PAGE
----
Friday, November 14, 2003

The Biblical Doctrine of Purgatory

I received an email today from Patrick Madrid, Catholic apologist and publisher of Envoy Magazine, in which he takes up the Church's doctrine of Purgatory and explains it a very understandable way.

This is a fairly long and thorough article but it is, like most of Patrick Madrid's works, easy to read and comprehend. It would be very helpful both for Catholics who do not quite understand what Purgatory is and isn't, as well as for non-Catholics who may not know the scriptural basis for it.

The article can be read or downloaded at .

Thursday, November 13, 2003

Bishops Approve Q&A Document on Marriage/'Same Sex' Unions

Yesterday, also, the U.S. Bishops approved a document called "Between Man and Woman:Questions and Answers About Marriage and Same-Sex Unions" which is a Q&A format publication. It is intended to give witness to the truth and to reinforce Catholic teaching that acts of homosexuality are sinful. The word "sin", however, is never mentioned in the document. It does reiterate some of the ideas expounded in the document from the Congregation for the Doctrine of the Faith, Considerations Regarding Proposals to Give Legal Recognition to Unions Between Homosexual Persons from July 2003.

During the debate on the floor, San Francisco Bishop Levada made an attempt to 'minimize' the impact that the document would have on the faithful by stating, "If two homosexuals live together in a chaste union, that would not be immoral". Raymond Arroyo of EWTN noted to Co-Host Fr. James Gould, "Two men living together in a chaste union might well be considered roommates".

The document may be reviewed at

New Q&A Brochure on Devotional Practices

The US Bishops approved a "pastoral statement" on popular devotions yesterday. The document is primarily composed in a "question and answer" format similar to the Q&A document on the Holy Eucharist a couple of years ago. The bishops did affirm that all devotional practices should be "Christo-centric", that is, centered on Jesus Christ.

The document (I suppose it will be in a small booklet form) may be order from the USCCB and may be read at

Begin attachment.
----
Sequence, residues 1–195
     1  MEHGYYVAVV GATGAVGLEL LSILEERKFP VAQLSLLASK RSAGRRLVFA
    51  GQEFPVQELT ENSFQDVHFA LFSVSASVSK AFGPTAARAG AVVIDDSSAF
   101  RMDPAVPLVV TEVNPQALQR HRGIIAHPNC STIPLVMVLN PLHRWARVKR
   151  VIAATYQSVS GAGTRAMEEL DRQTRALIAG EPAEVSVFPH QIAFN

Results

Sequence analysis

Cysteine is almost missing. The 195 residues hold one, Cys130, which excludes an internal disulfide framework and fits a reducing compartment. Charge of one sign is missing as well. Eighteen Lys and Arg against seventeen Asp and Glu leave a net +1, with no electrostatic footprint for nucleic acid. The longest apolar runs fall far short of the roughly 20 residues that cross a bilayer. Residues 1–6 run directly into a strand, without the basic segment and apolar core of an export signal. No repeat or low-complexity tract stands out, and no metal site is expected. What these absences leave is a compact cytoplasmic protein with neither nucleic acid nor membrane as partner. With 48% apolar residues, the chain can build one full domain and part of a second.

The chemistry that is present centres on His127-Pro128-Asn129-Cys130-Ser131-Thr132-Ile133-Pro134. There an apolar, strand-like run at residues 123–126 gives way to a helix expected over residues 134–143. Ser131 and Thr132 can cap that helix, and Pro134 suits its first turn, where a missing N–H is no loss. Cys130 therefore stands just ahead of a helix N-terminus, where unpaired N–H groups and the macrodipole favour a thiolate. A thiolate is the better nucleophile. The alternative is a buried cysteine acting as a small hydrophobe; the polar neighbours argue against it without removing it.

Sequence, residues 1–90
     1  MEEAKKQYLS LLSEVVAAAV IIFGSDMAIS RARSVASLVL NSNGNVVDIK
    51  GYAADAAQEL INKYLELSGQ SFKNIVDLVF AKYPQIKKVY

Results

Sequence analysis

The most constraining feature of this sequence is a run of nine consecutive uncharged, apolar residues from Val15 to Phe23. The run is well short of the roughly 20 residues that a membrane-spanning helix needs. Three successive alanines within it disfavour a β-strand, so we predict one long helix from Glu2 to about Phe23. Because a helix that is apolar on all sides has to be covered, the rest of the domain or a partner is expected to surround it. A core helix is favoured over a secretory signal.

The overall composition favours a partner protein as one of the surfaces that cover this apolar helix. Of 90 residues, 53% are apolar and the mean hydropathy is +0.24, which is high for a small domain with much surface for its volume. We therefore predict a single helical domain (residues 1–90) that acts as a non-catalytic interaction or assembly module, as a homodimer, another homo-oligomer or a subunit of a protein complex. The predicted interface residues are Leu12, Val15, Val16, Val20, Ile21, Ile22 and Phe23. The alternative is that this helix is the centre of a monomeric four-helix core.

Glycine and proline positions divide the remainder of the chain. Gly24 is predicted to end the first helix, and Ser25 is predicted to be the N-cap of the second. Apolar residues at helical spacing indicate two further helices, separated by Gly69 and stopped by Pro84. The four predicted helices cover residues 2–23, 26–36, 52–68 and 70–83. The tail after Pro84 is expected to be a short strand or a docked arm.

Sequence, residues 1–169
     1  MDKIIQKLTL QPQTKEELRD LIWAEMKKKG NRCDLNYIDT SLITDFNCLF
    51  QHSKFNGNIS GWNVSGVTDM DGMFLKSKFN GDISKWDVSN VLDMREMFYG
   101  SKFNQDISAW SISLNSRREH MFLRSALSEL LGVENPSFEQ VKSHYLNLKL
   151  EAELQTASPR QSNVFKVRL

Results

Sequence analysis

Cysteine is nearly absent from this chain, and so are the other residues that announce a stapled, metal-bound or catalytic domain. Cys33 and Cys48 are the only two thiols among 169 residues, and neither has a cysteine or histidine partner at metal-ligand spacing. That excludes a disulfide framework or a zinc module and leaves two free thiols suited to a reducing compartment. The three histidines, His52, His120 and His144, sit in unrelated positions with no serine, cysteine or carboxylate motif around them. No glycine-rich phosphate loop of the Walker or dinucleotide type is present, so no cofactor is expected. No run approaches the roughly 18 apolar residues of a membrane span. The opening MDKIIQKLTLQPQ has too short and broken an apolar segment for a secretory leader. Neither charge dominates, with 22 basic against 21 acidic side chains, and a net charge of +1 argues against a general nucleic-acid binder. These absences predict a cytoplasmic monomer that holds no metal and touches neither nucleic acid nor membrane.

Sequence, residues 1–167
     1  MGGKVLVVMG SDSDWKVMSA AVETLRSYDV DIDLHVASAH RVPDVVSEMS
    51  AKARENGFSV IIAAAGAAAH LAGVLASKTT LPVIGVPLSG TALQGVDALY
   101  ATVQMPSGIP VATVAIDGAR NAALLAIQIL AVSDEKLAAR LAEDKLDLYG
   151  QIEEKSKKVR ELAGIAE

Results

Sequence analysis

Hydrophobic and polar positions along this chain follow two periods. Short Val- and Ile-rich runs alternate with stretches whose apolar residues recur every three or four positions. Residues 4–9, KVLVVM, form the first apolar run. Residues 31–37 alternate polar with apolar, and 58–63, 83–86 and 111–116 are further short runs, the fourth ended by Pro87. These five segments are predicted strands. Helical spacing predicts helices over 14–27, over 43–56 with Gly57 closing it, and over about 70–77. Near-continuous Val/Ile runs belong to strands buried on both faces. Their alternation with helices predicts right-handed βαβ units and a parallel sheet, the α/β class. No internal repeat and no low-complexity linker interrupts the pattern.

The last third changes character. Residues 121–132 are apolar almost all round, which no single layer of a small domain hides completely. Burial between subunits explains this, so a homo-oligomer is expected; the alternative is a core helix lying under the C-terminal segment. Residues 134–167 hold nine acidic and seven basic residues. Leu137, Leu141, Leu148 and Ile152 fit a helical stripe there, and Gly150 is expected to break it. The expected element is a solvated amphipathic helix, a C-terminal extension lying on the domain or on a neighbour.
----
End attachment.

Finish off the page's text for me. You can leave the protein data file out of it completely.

Wednesday, November 12, 2003

High School Catechetical Textbooks Are Deficient

A U.S. Bishops Committee has determined that many high school religion textbooks are "deficient".
After reading the article, and I wish there were more details, it seems that use of the term 'deficient' is an understatement. Many parents have known for years that their children were being misled and poisoned in matters of Church teaching. See the article here.

Some of the heterdox examples cited:
The Catholic Church is one church among many churches.
Catholic doctrine reflects one opinion among many rather than truth.
Sacraments were "developed" over time and can change.
Sacraments celebrate a "moment in time" rather than an encounter with Christ.
The community confects the Eucharist rather than Christ through the priest.
The subject of women's ordination is ambiguous.
The Sacrament of Marriage refers to "partners" rather than husband and wife.
The inability to call pre- or extramartial sex a "sin".
Morality is presented as 'matters of options/personal choice".
Gender neutering of the nature of God, Jesus, and the Holy Spirit.
Scripture is a human work.
Miracles of Jesus were a result of 'lucky timing'.

Catechesis has been referred to as the "handing on, faithfully, of the teachings of Christ and His Church". Who are these "Catholic" publishers that produce this garbage? Why are they allowed to continue to use the name "Catholic" if this is an example of what they publish for consumption? Who are the administrators of the high schools who misuse the funds, usually provided by parents with much sacrifice, to purchase this kind of trash? Why are some allowed to 'teach' when they do not even believe what the Church teaches in the first place? This is too disheartening for words!